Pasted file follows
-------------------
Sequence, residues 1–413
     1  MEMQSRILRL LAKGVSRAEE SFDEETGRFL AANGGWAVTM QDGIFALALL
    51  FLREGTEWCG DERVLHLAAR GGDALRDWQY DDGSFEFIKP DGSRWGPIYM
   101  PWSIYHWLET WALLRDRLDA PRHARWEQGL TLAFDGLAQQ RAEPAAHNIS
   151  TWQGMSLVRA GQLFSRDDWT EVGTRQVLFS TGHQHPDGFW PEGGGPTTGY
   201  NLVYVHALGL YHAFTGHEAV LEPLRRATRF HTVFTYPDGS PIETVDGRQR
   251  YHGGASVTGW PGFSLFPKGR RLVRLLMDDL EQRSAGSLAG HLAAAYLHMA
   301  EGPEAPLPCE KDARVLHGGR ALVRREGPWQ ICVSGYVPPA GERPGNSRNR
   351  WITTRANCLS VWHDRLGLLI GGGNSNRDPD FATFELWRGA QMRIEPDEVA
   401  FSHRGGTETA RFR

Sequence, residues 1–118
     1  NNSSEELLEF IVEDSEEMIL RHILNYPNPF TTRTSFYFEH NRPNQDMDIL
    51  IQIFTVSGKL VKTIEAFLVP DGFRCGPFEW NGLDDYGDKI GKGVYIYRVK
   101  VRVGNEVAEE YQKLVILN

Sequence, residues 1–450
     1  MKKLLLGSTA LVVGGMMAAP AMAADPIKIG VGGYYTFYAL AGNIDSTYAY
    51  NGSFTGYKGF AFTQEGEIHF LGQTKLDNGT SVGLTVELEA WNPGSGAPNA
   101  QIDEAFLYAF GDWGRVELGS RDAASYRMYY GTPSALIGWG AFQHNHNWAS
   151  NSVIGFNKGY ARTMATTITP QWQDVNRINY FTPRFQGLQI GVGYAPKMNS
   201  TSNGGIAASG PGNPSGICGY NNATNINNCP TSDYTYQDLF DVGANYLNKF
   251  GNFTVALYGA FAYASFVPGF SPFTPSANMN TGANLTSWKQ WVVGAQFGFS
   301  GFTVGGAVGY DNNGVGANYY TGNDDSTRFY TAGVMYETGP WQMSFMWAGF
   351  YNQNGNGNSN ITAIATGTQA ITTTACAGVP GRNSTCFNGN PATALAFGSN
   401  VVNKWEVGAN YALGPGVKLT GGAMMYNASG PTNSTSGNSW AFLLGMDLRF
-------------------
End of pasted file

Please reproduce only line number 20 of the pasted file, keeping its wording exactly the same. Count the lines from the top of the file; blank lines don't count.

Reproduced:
   201  TSNGGIAASG PGNPSGICGY NNATNINNCP TSDYTYQDLF DVGANYLNKF